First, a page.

Why it’s not easy for Kamal or Rajini to do a MGR
Chennai: Actor Kamal Haasan will soon launch a political party in Tamil Nadu.
His friend and colleague Rajinikanth has been mulling over the idea for the last two decades and has been testing the waters in the last few months.
In Tamil Nadu, there has always been a close nexus between politics and cinema.
While some of them have grown to be popular and influential figures in politics, many have been mammoth failures too, including Sivaji Ganesan.
Chief minister J. Jayalalithaa death last year and grand old man M. Karunanidhi’s gradual from active politics on account of his advanced age has created a vacuum in Tamil politics. But it’s not going to be easy for either Kamal Haasan or Rajinikanth to do an MGR.
MGR or M.G. Ramachandran, founder of All India Anna Dravida Munnetra Kazhagam (AIADMK) enjoyed a unique following and was a symbol that captured the imagination of the poor and marginalised. His was a consciously constructed image that aided the Dravidian movement and later swelled into idolatry by the Tamil masses.
In a state where Dravidian politics coalesced on Tamil identity and language, the theatre and cinema became the most effective tools to mobilize and influence masses.
“Cinema or theatre were means of communication. People with political interests used it as a tool in the past and a mere celebrity status hasn’t worked to be successful in politics,” said writer- translator Aazhi Senthilnathan.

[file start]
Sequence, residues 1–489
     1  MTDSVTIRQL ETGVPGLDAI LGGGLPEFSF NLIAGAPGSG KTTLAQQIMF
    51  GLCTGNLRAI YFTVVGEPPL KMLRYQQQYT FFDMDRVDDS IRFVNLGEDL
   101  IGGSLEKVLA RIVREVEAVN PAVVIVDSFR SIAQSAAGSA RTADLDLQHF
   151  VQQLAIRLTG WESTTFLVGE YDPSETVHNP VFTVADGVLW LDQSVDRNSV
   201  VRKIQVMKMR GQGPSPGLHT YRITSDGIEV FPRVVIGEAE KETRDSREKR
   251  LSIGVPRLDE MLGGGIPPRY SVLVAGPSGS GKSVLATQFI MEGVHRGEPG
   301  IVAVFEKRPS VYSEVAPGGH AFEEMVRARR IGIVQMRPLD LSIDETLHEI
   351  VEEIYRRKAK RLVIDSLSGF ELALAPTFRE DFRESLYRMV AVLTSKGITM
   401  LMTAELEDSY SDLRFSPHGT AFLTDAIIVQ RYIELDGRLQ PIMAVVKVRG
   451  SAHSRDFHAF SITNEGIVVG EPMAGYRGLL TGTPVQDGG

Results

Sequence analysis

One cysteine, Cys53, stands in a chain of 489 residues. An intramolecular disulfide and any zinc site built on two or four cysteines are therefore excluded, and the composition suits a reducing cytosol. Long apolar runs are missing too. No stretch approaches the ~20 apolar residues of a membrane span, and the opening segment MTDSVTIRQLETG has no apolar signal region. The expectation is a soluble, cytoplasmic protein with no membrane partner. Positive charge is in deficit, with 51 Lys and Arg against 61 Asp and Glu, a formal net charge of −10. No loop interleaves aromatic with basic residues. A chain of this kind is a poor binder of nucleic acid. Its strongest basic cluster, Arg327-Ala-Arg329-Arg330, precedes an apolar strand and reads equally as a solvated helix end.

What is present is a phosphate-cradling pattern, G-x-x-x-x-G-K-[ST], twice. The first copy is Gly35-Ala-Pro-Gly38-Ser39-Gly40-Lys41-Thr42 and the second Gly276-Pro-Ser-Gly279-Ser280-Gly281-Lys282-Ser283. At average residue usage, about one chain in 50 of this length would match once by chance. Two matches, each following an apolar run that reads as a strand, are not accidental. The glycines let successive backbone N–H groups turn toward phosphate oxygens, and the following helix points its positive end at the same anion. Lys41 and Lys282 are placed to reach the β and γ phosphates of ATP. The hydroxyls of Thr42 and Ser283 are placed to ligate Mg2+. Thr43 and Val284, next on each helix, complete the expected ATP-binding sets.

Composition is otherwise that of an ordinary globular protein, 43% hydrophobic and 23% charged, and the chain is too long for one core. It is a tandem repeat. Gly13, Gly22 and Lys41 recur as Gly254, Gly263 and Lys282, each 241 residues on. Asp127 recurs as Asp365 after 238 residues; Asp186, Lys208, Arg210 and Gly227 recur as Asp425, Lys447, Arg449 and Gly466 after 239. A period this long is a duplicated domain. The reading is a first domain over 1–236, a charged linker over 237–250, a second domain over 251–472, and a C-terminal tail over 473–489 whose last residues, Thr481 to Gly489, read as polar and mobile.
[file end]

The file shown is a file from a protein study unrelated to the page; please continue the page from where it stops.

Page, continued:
Critics say the two actors are being opportunistic—having failed to speak up over the years, they have opened up only when the state is struggling with its weakest government in decades.
But, Haasan who recently said he was “ready to take up the chief minister’s chair,” has been saying that he has “always been in politics”.
In response, fisheries minister D. Jayakumar said that the actor cannot become the chief minister merely by being on Twitter. “He should be among the people. Let him become an MLA first.”
Senthilnathan accused Rajinikanth of having used “politics as a marketing strategy for his films”.
The southern state saw actor Vijayakanth venture into politics in 2005 as an alternative force to the two major players in Tamil Nadu politics and his party Desiya Murpokku Dravida Kazhagam (DMDK) garnered over 8% vote share within a year. But he failed to create an impact subsequently.
“Even ten years before his entry into electoral politics, Vijayakanth was preparing the ground through his fan associations, which even had a proper party flag and symbol,” claimed Senthilnathan.
But Haasan and Rajinikanth are yet to create a political infrastructure, said the writer.
“MGR’s fan clubs were part of the DMK (Dravida Munnetra Kazhagam). And, those fan associations later transformed into a party when he parted ways with the DMK. For people who had begun to hate Karunanidhi’s politics, MGR came in as an equal leader to Karunanidhi,” said Senthilnathan.
Of the 133 Tamil films MGR acted from 1936 to 1978, nearly one fourth spoke of the Dravidian ideology. Similarly, Karunanidhi was a script writer in movies because he wanted to propagate the same ideology. Jayalalithaa was the AIADMK’s propaganda secretary and a Rajya Sabha MP before she headed the party.
Despite an organic relationship between cinema and politics, the former hasn’t solely decided the latter. Rather, it was vice-versa